In 1973, KIRO ended a 35-year affiliation with CBS - an affiliation it has since resumed - & switched to the Mutual Broadcasting System. Around this time, KIRO also picked up Herb Jepko's "Nitecap," a groundbreaking overnight telephone-talk show from Salt Lake City sister station KSL. KIRO "Newsradio 71" debuted in June 1974, with news & talk segments replacing most music programming.
Station leadership & ownership remained constant through the next decades. In 1980, Cooney left to run for US Senate & Hatch became President, CEO & Chairman - a position he held until 1995. Under Hatch's leadership, KIRO Inc. (which included KIRO-TV/AM/FM, KING-AM/FM & 3rd Avenue Productions) became 1 of the nation's premier regional broadcast groups. KIRO-AM received much national recognition & was lead very successfully by General Manager Joe Abel during this period.
For 25 years, KIRO's morning news, anchored by Bill Yeend, consistently placed @ or near the top of the Seattle Arbitron ratings. Yeend now anchors the morning news @ cross-town rival KOMO-AM. Gregg Hersholt is the current morning news anchor.
Sports play-by-play has been a staple of the KIRO schedule throughout it's years as a news/talk station. Since the team's inception in 1976, KIRO has been the flagship broadcaster for the Seattle Seahawks. From 1985-2002, the station originated Seattle Mariners baseball broadcasts; the broadcasts return to KIRO in 2009. From 1978-1987 they were the flagship station of the Seattle SuperSonics. Additionally, KIRO has carried Washington Huskies & Washington State Cougars football for stints during the '80s & '90s. KIRO was also the radio home to popular sportscaster Wayne Cody, who did live sports reports, play-by-play & a sports-related evening talk show.
Reporter Dave Ross joined the station from Atlanta station WSB in 1978 & took over as noon-3 PM talk host in 1987. He moved to the 9 AM-noon timeslot after the retirement of Jim French in 1992. Ross unsuccessfully ran for Washington's 8th Congressional district as a Democratic candidate in 2004. While Ross unofficially announced his candidacy in May, he did not leave his on-air position until just prior to the July filing deadline. In response to complaints from state Republican party officials, Ross claimed that he was contractually bound to continue working for KIRO until he was a bona fide candidate.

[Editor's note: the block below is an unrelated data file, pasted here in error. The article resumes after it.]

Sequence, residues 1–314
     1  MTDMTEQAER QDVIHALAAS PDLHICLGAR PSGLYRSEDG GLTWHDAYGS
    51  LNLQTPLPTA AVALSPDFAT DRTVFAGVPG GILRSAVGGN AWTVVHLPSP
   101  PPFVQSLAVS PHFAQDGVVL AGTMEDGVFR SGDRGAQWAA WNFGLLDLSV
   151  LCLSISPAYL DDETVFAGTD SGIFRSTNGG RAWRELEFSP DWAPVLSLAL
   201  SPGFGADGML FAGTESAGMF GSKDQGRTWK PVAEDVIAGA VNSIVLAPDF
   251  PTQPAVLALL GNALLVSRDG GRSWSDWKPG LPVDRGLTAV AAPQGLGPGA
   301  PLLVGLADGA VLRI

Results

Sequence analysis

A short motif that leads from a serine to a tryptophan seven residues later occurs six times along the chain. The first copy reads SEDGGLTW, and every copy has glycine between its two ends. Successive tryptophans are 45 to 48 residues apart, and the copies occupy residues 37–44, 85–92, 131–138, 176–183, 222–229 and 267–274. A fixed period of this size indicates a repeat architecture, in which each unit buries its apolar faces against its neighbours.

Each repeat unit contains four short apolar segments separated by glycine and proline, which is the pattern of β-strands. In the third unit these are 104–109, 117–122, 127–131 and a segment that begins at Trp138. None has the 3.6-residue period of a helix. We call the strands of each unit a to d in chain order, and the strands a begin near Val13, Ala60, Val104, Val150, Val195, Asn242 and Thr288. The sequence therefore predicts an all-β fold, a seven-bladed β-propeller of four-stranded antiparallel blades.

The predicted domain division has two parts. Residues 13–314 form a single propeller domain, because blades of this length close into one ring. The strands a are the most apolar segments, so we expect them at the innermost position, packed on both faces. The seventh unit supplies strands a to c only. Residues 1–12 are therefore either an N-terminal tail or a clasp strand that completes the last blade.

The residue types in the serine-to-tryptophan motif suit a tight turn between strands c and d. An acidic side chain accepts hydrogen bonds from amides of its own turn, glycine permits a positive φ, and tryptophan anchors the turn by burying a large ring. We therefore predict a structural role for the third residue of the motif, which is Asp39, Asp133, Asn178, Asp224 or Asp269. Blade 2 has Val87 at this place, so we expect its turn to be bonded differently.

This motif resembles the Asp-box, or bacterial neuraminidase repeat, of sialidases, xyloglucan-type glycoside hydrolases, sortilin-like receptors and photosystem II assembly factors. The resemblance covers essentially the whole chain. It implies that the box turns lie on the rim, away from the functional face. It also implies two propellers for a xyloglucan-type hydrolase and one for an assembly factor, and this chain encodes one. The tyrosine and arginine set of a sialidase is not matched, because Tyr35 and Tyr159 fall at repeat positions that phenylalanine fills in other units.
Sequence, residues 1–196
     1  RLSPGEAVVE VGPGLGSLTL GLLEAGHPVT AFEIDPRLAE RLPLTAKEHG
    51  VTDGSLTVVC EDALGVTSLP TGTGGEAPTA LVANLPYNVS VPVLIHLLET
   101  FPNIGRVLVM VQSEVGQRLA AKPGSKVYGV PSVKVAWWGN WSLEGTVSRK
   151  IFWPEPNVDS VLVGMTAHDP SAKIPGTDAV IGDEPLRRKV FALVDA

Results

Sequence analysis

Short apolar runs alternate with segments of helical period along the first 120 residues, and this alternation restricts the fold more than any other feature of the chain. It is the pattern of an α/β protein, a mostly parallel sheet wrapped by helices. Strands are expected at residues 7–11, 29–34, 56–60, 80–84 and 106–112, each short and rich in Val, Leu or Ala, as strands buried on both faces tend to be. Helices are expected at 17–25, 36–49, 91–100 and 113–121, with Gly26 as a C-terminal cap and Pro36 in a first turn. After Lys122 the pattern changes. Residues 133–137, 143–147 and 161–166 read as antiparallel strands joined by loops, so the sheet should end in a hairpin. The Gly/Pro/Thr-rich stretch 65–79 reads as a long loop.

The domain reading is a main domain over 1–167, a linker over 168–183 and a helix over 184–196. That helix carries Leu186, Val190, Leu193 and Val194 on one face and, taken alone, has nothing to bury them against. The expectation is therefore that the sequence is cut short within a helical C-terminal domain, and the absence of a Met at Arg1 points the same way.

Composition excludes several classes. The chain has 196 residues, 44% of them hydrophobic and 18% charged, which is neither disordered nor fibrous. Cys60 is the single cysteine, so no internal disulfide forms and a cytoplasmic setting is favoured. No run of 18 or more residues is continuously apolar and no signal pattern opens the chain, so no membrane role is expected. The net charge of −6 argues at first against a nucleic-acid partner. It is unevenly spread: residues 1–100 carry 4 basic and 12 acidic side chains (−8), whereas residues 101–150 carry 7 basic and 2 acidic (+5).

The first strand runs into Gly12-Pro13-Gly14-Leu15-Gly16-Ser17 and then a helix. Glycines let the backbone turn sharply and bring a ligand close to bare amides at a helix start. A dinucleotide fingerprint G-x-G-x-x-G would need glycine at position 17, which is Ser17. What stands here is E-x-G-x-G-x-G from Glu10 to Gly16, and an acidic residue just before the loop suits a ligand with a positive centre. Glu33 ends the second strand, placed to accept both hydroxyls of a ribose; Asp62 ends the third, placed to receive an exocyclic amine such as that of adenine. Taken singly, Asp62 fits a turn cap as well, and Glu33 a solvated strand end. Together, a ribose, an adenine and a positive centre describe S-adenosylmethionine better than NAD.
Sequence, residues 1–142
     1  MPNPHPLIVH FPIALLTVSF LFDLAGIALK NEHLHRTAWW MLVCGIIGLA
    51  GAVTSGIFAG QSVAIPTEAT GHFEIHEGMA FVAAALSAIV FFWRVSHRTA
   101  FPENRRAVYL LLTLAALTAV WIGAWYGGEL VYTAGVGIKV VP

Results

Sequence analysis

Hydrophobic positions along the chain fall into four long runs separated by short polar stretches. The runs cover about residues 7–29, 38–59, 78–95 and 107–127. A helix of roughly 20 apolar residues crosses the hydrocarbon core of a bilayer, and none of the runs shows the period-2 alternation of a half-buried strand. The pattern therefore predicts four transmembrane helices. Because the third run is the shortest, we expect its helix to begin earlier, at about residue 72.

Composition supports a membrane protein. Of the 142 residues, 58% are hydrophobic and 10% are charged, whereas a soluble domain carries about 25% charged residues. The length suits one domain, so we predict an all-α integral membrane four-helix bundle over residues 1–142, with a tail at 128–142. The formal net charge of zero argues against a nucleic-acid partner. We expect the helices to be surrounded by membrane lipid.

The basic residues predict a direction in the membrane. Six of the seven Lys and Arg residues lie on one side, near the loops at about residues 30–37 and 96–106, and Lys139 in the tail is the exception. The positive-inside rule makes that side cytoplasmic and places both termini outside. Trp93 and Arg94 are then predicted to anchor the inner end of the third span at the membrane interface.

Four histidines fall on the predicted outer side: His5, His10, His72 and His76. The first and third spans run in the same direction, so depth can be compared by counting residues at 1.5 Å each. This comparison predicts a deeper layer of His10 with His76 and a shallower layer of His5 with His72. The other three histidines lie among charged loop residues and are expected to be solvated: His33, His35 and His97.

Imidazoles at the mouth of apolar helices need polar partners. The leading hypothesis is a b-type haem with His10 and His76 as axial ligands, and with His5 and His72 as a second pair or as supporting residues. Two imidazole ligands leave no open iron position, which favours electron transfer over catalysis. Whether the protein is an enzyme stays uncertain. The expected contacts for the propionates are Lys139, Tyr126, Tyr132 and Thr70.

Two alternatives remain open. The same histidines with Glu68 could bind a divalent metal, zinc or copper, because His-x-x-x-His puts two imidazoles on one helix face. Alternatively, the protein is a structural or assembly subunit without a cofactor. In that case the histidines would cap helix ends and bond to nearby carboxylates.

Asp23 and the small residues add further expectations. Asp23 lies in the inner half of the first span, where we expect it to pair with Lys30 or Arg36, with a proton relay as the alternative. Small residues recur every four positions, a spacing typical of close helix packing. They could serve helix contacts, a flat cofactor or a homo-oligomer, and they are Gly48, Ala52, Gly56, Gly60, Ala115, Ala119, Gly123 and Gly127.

Though he returned to the air immediately following the November election, the station's ratings did not recover entirely & Ross was moved to the afternoon drive-time shift in February, 2005. Ross moved back to his 9 AM-noon shift in May, 2006.
In addition to his KIRO work, Ross does a daily commentary on the CBS Radio Network & is a frequent substitute for Charles Osgood on CBS Radio's "Osgood File" segments.
After selling KIRO-TV to A.H. Belo Corp. in 1995, the Bonneville Seattle radio stations moved to facilities on Eastlake Avenue. KIRO-AM/FM (now KKWF) & KNWX (now KTTH) were sold to Entercom Communications of Bala Cynwyd, Pennsylvania in 1997. Bonneville reacquired KIRO, KTTH & KBSG (now KIRO-FM) from Entercom in 2007.
KIRO is 1 of the most listened-to stations in Seattle, according to Arbitron ratings & has won numerous awards, including 7 Edward R. Murrow Awards in 2004 alone.
KIRO-AM has announced that they will switch to a sports radio format (as 710 ESPN KIRO) on April 1, 2009. In addition, KIRO-AM will also carry Seattle Mariners games, beginning in the 2009 season. KIRO-FM will continue the news/talk format alone.